I recently noticed (and responded to) a Tweet about a two-socket workstation that is apparently used for rendering work. Actually, I responded to a re-tweet from an Intel software evangelist of the original post. He did not appreciate my input…
Here is the text of the original post:
“Now this is a beast… Dual Intel #Xeon Platinum 8280M, 56 cores/ 112 threads @ boosted 2.95 GHz, Nvidia Quadro RTX 5000, 196 GB RAM… scoring at 18824 #Cinebench R20 points. :-O #intelinnovator @IntelGraphics @IntelSoftware @maxon3d“
That sounds pretty impressive, right? This appears to be a “white-box” system built by a system integrator. Or it could be a DIY system, or even a large vendor system with the nameplate removed. That really doesn’t matter, except that I am curious about the reasoning behind the component choices. The total hardware cost of this system is probably between $30K and $35K, depending on the rest of the component choices.
From the Tweet, we know several facts:
- It has two 28C/56T Intel Xeon Platinum 8280M processors
- This is a discontinued server SKU that supports 2TB of RAM per socket
- This processor had an RCP of about $13,000.00 each
- It has an NVIDIA Quadro RTX 5000 GPU
- This is a high-end professional GPU that costs roughly $2,000.00
- It has 196GB of RAM
- They probably meant 192GB
- It scores 18,824 on the Maxon Cinebench20 tile-based rendering benchmark
- This is a very good score that does sound quite impressive
So What is Wrong With This System?
Due to competitive pressure from AMD, Intel reduced the prices of their top-end “L” suffix Xeon SKUs back in January of 2020. They also discontinued their “M” suffix SKUs.
The Intel Xeon Platinum 8280L (which supports 4.5TB of RAM per socket) went from about $17K down to $13K. At the same time, the Intel Xeon Platinum 8280M (which supports 2TB of RAM per socket) was selling for $13K, so it was discontinued. The base Intel Xeon Platinum 8280 (which only supports 1TB of RAM per socket) still sells for $10K.
The system in question has two Intel Xeon Platinum 8280M processors, but only 192GB of RAM. There was no reason to select the higher memory “M” SKU variant, and doing so cost about $6,000 extra (for both processors). Intel Xeon Platinum processors do support up to eight-socket servers, but that level of support is not needed here.
In February of 2020, Intel released their Cascade Lake-SP Refresh SKUs, which was a very positive move. One of the SKUs in this release was the 28C/56T Intel Xeon Gold 6258R, which has a recommended customer price of $3950.00. The Xeon Gold 6268R is otherwise identical to the Platinum 8280, except that it only supports two-socket servers. Since this system only has two-sockets, there is no reason not to use the Gold 6258R. Doing this would save about $12K on the system.
So, to recap, the two Xeon Platinum 8280M processors in the system had a recommended customer price of about $26K combined. Two Intel Xeon Gold 6258R processors with identical specs (except for total memory support and socket count) have a recommended customer price of about $8K combined. Making a better Intel processor choice would have saved $18K, and had the exact same performance.
What About AMD?
Well, we could probably spec out a one-socket AMD EPYC system with the 64C/128T AMD EPYC 7742 that might beat this two-socket Intel system. Or we could get a little crazy with an AMD EPYC 7H12 (which requires water cooling). The cost of either of those CPUs will certainly be much lower than two Intel Platinum 8280M processors. It will probably even be lower than two Intel Xeon Gold 6268R processors.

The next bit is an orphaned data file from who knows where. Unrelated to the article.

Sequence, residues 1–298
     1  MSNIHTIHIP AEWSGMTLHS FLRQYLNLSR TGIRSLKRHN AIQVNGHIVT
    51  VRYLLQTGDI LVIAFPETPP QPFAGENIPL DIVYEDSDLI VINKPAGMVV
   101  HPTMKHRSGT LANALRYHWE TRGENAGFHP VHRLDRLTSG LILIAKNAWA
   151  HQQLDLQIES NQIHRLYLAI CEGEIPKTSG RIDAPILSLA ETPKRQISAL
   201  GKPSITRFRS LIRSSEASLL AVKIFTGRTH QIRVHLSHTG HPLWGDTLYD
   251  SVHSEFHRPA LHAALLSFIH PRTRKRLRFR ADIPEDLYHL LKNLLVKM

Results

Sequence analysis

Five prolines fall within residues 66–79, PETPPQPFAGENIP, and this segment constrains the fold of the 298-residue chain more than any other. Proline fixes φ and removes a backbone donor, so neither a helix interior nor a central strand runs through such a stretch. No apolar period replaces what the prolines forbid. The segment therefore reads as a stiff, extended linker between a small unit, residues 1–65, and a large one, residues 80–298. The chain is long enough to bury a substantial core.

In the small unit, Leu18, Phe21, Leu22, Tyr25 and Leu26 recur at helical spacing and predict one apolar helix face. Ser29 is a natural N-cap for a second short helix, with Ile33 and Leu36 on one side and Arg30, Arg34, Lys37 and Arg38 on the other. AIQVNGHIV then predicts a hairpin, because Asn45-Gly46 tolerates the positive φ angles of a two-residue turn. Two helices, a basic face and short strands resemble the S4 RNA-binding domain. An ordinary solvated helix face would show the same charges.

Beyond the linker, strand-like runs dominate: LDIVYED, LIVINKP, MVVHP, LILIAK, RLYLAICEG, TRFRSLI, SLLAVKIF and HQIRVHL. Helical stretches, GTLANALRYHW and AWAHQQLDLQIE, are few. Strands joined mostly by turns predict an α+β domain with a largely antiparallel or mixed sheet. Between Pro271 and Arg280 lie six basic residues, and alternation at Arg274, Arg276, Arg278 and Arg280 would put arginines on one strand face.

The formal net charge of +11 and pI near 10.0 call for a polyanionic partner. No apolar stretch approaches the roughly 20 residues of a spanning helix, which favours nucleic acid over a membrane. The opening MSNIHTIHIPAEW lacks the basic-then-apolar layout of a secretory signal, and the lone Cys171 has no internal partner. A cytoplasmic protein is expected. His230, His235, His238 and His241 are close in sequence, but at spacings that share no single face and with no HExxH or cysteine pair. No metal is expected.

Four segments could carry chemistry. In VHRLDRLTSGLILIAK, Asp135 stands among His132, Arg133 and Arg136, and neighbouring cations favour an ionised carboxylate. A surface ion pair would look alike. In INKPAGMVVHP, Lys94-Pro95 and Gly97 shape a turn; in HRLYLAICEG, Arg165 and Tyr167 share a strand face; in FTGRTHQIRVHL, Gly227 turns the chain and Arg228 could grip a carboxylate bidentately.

But to be honest, I think a 64C/128T 3rd Generation AMD Ryzen Threadripper 3990X would be a much better choice. It has much higher clock speeds than the same core count AMD EPYC server processors, and it is also unlocked (so you can boost your memory and CPU core speeds if you want to). These AMD Ryzen Threadripper 3990X processors are extremely popular with professional content creators. This processor only costs about $3500 on Amazon right now.
There are also readily available Cinebench 20 benchmark scores from sources I trust. One good example is Hardware Unboxed, which has this review of the AMD Ryzen Threadripper 3990X.
At 8:44 in their video, they show their Cinebench R20 results. Here are some comparative numbers:
- (1) AMD Threadripper 3990X 24,675
- (2) Intel Xeon Platinum 8280M 18,824
- (1) AMD Threadripper 3970X 17,045
- (1) AMD Ryzen 9 3950X 9,228
- (1) Intel Core i9-10980XE 8,782
So we see the original two-socket Intel system (that cost about $26K just for the processors) being beaten quite badly by the AMD Ryzen Threadripper 3990X system (with a $3.5K processor cost). This is 7.43 times the cost for 76% of the performance.
An equivalent Intel Xeon Gold 6258R system would cost $8K for the processors, which is not quite so bad. Only 2.26 the cost for 76% of the performance.
I don’t really mean to dunk on the original Tweet here. Perhaps this system was purchased or built sometime before February of 2020. If that is the case, then the Intel Xeon Gold 6258R and the AMD Ryzen Threadripper 3990X would not have been available.
I guess I have two main points here. First, whoever picked the processors for this system did a poor job that made the system much more expensive than it should have been. Second, Intel is in a terrible competitive position in this market segment right now.
It is basically impossible to build an Intel-based system that will beat an AMD Threadripper system for this type of workload. The Intel system will cost more and have less performance.
If you have any questions about this post, please ask me here in the comments or on Twitter. I am pretty active on Twitter as GlennAlanBerry. Thanks for reading!